Within the government, particularly the U.S. Defense Department, video traffic—more specifically videoconference calling—often is considered mission critical.


The Defense Department uses video for a broad range of communications. One of the most critical uses is video teleconference (VTC) inside and outside of the United States and across multiple areas of responsibility. Daily briefings—via VTC over an Internet protocol (IP) connection—help keep everyone working in sync to accomplish the mission. So, you can see why it is so important for the network to be configured and monitored to ensure that VTCs operate effectively.


VTC and network administration tasks boil down to a few key points:


  • Ensuring the VTC system is up and operational (monitoring).
  • Setting up the connections to other endpoints (monitoring).
  • Ensuring that the VTC connection operates consistently during the call (quality of service) Troubleshooting at the VTC system level (VTC administration), and after the connection to the network, the network administrator takes over to ensure that the connection stays alive (monitoring/configuration).


Ensuring Quality of Service for Video over IP


The DOD has developed ways to ensure successful live-traffic streaming over an IP connection. These requirements focus on ensuring that video streaming has the low latency and high throughput needed among all endpoints of a VTC. Configuring the network to support effective VTCs is challenging, but it is done through implementing quality of service (QoS).


You can follow these four steps:


Step 1: Establish priorities. VTC traffic will need high priority. Email would likely have the lowest priority, while streaming video (vs. VTC) will likely have a low priority as well.


Step 2: Test your settings. Have you set up your QoS settings so that VTC traffic has the highest priority?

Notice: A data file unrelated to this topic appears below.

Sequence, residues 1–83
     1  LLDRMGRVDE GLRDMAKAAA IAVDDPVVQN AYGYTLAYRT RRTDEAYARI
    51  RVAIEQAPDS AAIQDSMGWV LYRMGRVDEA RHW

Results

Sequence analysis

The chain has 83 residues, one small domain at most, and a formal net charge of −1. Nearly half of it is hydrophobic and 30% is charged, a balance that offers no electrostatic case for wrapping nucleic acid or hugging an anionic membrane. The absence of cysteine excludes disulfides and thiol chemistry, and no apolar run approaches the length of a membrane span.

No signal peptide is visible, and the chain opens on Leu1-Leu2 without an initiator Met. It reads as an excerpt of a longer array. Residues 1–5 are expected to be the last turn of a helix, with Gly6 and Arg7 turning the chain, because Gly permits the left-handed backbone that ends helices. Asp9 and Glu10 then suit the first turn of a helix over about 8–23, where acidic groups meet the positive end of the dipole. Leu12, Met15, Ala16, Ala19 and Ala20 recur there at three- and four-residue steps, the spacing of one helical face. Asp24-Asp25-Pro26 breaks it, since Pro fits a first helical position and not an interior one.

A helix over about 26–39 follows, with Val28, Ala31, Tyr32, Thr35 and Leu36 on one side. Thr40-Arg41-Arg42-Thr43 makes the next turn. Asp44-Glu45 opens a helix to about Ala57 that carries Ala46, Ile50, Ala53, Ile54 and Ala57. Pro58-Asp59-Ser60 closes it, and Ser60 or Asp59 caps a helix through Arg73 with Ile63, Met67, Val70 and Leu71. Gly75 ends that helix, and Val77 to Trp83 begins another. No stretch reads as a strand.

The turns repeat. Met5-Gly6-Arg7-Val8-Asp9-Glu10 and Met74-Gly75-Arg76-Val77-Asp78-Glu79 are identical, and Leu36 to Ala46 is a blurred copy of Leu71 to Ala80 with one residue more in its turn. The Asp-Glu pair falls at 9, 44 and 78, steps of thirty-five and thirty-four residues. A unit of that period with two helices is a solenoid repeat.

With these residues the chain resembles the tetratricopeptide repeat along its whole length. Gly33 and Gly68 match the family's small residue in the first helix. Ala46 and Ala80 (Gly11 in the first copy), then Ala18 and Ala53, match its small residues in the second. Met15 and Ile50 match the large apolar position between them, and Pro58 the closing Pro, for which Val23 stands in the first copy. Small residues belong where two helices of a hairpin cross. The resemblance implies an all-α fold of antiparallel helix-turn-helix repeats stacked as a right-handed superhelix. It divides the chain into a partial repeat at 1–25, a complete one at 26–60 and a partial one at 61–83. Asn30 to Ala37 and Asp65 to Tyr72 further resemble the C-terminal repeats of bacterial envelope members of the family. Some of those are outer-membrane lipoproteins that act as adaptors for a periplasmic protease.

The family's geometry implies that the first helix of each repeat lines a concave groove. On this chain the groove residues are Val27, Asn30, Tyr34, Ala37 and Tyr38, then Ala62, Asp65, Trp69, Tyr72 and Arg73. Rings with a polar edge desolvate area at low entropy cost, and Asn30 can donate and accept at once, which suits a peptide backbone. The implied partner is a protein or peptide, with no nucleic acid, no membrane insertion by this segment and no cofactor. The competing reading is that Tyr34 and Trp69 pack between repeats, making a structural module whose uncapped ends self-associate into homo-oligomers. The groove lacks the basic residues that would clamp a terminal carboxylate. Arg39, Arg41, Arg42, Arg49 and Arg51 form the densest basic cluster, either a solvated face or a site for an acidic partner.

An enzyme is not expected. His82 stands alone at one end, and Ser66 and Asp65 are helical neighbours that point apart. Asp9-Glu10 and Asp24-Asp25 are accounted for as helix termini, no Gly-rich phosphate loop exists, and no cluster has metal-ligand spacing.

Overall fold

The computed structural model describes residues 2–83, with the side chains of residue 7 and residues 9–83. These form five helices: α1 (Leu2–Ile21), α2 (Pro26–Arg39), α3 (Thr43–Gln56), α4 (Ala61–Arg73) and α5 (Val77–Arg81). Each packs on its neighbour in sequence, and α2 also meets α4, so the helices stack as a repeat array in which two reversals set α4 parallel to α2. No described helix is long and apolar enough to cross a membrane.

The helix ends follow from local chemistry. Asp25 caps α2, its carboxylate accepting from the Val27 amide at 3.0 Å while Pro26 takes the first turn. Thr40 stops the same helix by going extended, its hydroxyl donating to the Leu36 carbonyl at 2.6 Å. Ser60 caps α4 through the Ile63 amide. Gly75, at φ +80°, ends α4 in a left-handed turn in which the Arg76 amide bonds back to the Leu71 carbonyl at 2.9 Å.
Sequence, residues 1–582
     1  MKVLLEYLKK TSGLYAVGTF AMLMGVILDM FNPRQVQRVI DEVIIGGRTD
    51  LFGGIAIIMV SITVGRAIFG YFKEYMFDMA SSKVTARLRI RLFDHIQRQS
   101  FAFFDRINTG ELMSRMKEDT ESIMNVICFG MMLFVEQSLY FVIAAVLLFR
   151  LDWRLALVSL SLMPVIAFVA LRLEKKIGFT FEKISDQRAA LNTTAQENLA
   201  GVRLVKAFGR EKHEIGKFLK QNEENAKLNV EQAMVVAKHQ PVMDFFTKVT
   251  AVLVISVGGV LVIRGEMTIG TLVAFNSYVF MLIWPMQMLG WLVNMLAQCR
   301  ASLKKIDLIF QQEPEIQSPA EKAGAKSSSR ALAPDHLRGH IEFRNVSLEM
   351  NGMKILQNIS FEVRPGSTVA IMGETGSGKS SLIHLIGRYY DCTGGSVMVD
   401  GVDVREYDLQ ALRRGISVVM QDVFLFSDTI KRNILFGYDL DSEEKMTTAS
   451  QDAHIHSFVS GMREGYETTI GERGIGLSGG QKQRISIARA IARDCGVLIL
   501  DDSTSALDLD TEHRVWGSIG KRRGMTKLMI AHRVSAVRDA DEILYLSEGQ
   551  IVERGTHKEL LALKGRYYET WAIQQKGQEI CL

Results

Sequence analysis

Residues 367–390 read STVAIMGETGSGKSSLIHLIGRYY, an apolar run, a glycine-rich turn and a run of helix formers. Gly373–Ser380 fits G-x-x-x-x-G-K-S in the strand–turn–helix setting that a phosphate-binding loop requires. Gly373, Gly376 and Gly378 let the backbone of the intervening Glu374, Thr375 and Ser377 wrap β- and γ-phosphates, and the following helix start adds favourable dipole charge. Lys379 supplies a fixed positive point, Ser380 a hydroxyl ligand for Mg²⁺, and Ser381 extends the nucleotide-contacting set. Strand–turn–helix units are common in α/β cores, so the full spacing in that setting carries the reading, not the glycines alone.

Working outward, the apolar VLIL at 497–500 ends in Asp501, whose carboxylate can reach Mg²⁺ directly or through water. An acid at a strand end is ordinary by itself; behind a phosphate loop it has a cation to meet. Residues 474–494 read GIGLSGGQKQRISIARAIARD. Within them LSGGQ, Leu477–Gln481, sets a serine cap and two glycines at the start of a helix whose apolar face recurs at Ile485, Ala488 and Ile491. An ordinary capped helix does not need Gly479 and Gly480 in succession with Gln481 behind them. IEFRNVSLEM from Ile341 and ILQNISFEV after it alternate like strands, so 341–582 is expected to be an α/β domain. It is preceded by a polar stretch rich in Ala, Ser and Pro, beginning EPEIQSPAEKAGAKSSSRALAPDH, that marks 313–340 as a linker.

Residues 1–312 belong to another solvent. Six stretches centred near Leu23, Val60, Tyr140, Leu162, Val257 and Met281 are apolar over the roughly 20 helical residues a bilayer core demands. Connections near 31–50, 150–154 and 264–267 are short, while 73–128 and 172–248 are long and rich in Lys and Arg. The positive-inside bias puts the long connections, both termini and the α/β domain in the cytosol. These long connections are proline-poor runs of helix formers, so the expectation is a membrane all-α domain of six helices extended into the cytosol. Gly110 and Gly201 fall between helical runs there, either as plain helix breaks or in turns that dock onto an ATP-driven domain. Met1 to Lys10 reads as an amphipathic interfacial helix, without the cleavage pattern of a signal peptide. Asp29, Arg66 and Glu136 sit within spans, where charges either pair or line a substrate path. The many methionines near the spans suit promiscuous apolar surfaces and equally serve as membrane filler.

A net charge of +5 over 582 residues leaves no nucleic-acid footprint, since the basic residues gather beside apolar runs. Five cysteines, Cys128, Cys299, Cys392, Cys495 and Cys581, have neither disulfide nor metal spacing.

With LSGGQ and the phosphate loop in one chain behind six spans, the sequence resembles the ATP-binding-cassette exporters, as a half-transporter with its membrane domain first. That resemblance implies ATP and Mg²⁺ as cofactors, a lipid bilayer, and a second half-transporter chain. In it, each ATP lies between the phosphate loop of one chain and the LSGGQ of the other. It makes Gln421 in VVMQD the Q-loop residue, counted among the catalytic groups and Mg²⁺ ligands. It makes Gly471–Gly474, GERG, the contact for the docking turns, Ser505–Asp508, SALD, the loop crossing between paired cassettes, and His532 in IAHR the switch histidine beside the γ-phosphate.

Step 3: Implement your settings. Consider an automated configuration management tool to speed the process and eliminate errors.


Step 4: Monitor your network. Once everything is in place, monitor to make sure policies are being enforced as planned and learn about network traffic.


Configuring and Monitoring the Network


Network configuration is no small task. Initial configuration and subsequent configuration management ensures routers are configured properly, traffic is prioritized as planned and video traffic is flowing smoothly.


Network configuration management software that automates the configuration tasks of implementing complex QoS settings can be useful, and should support the automation of:


  1. Pushing out QoS settings to the routers- QoS settings are fairly complex to implement. It is important that implementation of settings is not done manually, due to errors.
  2. Validating that the changes have been made correctly- After the settings are implemented on a router, it is important to back up and verify the configuration settings.
  3. Configuration change notification.


Network monitoring tools help validate critical network information, and should provide you with the following information:


  1. When and where is my network infrastructure busy?
  2. Who is using the network at those hot spots and for what purpose?
  3. When is the router dropping traffic, and what types of packets are being dropped?
  4. Identify if your side or the far side of the VTC call systems are up and operational.
  5. Identify via node and interface baselines to identify abnormal spikes during the day.


What are your best practices for ensuring video traffic gets through? Do you have any advice you can share?


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